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How To Fix Chase Field ‘Launching Pad’? Try A Humidor (But Good Pitching Would Help, Too)

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Coors Field has a Humidor. Chase Field might have one soon. But will it make a difference and is it even needed to have a successful team in a supposed "hitters' ballpark"?

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Jay Alves, the Rockies vice president of marketing, ventures into the ESC at Coors Field, better known as the humidor. Photo by Ed Andrieski/AP
Jay Alves, the Rockies vice president of marketing, ventures into the ESC at Coors Field, better known as the humidor. Photo by Ed Andrieski/AP

So Chase Field is "the launching pad of baseball," as Arizona Diamondback team president and CEO Derrick Hall says. That would be a bit of an exaggeration, but it is widely accepted that Chase Field is a hitter-friendly park.

Statistics support that theory. Currently, according to Park Factor ratings, which measure the ratio of runs scored by a team and its opponents at home and on the road, Chase Field has the fourth-highest rating in favoring hitters in the National League and 10th overall. Coors Field in Colorado has consistently been the top of the list.

Because of this, the Diamondbacks are looking at ways to make their stadium more pitcher-friendly. The Colorado Rockies began storing their baseballs in a Humidor, basically a climate and humidity control room to combat the effects of the dryer Colorado air. The Humidor is kept at 70 degrees and 50 percent, conditions that are similar to those area near sea level, where most major league teams play.

The Diamondbacks are looking to use what the Rockies do, and it is "no-brainer," according to Hall. There is also discussion of raising the height of the outfield walls and moving them back.

The question is, will it make a difference?

Colorado's Coors Field switched to the Humidor in 2002. The stadium was famed for its long, back and forth slug fests. It was a hitters dream. From 1999-2001, there were 272 home runs hit in Coors Field on average. In the same time frame, the Rockies and their opponents averaged a combined 14.2 runs a game.

After the installation of the Humidor, from 2002-2008, the average home runs per year dropped to just over 197 and the average of combined runs per game fell to around 11.

This sounds drastic, and it is. But the Humidor alone didn't do it. Between 2002 and 2004, the average of home runs hit was still 228 and combined runs 12 a game. In fact, from 1999-2005, the Rockies placed last or second to last in their division every single year. They were terrible and had terrible pitching.

The first year that there were less than 200 homers in Coors was 2005. It was been that way ever since, averaging 174 per year since then. Not coincidentally, 2005 was the first year that there were penalties for PED use. Also, since that time, the Rockies have started to develop some quality pitchers (Aaron Cook, Jason Jennings, Ubaldo Jimenez, to name a few).

Now studies show that the Humidor does in fact have a significant effect on the amount of home runs hit, but that even with that significance Coors Field is still favorable to the hitter.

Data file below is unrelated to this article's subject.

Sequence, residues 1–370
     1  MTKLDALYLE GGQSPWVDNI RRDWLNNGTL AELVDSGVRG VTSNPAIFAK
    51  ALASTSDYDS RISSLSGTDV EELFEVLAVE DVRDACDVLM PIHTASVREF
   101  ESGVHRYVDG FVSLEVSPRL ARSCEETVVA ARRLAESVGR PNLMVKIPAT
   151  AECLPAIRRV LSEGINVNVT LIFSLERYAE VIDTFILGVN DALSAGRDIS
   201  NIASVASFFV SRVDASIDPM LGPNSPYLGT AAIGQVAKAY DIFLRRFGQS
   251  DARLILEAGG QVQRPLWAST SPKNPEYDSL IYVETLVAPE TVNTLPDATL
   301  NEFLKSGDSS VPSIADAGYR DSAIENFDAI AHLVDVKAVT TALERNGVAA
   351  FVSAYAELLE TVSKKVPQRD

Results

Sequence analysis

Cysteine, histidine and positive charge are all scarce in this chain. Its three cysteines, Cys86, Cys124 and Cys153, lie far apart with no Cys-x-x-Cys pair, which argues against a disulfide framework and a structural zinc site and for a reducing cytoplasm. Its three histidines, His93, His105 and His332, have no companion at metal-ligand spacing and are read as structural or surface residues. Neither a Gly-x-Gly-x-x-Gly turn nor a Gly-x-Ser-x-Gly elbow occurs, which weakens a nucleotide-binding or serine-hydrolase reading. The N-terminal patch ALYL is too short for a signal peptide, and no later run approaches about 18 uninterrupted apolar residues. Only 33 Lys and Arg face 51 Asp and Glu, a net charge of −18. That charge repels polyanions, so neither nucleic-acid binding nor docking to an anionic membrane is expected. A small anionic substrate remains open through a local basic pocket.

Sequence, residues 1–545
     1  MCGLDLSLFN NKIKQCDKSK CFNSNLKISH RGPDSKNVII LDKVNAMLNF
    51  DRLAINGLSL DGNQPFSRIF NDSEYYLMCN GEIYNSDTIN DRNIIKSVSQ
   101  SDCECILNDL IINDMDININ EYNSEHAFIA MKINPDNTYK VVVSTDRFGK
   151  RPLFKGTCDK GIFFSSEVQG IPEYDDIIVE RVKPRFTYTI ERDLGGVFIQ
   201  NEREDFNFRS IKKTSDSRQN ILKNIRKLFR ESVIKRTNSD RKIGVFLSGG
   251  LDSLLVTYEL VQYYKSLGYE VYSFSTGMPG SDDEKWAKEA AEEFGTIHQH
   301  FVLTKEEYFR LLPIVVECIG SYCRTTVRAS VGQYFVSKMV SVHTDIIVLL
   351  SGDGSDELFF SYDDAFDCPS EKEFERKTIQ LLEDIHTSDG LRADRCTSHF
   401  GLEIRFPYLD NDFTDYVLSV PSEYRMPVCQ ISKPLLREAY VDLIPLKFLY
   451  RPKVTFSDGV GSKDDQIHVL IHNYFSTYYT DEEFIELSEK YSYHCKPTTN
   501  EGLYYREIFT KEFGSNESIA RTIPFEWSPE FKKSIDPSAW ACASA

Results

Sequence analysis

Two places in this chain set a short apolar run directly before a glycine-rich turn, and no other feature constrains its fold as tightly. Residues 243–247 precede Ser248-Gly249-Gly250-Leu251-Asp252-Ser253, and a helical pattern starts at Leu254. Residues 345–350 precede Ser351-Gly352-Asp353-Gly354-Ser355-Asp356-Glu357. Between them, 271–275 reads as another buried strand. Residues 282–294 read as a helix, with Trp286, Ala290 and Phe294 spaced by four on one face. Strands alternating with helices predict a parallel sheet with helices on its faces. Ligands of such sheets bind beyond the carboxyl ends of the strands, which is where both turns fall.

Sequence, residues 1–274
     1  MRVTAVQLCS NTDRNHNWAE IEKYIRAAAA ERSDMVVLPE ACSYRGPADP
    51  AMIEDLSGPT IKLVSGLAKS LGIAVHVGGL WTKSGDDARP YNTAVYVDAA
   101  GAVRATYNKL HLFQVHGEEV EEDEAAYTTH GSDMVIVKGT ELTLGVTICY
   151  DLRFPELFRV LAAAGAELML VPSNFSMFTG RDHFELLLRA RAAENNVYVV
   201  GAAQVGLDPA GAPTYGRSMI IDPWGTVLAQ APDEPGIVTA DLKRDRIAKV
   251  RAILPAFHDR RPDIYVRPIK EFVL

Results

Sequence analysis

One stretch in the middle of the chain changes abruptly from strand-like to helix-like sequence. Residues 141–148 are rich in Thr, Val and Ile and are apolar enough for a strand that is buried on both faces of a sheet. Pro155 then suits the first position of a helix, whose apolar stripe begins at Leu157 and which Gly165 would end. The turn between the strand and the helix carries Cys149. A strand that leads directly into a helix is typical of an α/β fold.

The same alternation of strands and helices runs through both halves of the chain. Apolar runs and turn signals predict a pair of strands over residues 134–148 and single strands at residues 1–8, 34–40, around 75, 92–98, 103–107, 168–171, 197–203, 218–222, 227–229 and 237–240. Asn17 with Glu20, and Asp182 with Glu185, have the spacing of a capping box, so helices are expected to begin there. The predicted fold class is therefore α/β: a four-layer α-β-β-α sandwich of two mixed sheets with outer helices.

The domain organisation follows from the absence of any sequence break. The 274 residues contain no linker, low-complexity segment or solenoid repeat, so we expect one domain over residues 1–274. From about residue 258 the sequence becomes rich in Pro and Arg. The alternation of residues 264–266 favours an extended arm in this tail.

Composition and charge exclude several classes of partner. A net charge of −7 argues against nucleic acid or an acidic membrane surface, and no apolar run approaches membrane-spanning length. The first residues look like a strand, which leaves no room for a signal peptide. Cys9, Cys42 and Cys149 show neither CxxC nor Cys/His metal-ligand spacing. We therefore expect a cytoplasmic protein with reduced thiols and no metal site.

Anecdotally, players notice a difference in the grip of the baseball. Arizona's interim general manager Jerry Dipoto, a former pitcher of the Rockies, said that before "the ball felt hard like a cue ball." Now, it feels more like baseballs do at other parks, which allows pitchers to get the movement on their pitches that they are accustomed to getting.

As for the Diamondbacks using a Humidor, it actually shouldn't be a surprise. Back in 2007, Major League Baseball was already looking towards more standardization in the way that balls are used and stored. Universal use of a Humidor was a possibility.

Now, is it needed here in the Arizona desert air? That is debatable. Yes it is true that there were 15 percent more runs scored at Chase Field than during Arizona's away games from 2007-2009. Yes, it is also true that it is statistically and anecdotally a park that favors hitters. Yes, this year continues that trend. But during that same time period, the Diamondbacks have been a team made up mostly by young hitters, and young hitters almost always hit much better at home than on the road. Additionally, since 1999, an average of only 181 home runs was hit at Chase, with only one year ever going above 200.

The team hasn't been any good the past three seasons, either. When you pitch Billy Buckner, Doug Davis, and Yusmeiro Petit, you are going to give up the gopher ball, no matter where you play the game. Then throw in the bullpen's penchant for getting lit up (Juan Gutierrez, Chad Qualls, Bobby Howry) and you can see how those batting numbers could get skewed a bit. Plus, this year's team has a lineup full of guys who hit a lot of home runs.

Obviously it is considered gospel that pitching and defense leads to success. San Diego and San Francisco are showing that this season, as they have built a team of good pitching in their stadiums that are very friendly to pitchers. Knowing this, there shouldn't be much resistance.

The Humidor didn't bring the dead ball era back from the dead to Colorado, as it is still the friendliest park for hitters. But before looking at how the team stores its baseballs, it might be a good idea to look at the pitching personnel. I don't think that it would have made much of a difference this year or last. They have just been bad teams.

As for that one year in Arizona where over 200 home runs were hit at Chase Field, you may be asking yourself what year that was. It wasn't 2008, 2009, or even the disaster of 2004. It was a pretty good year. It was 2001. Yeah, that year. It worked out all right for the team.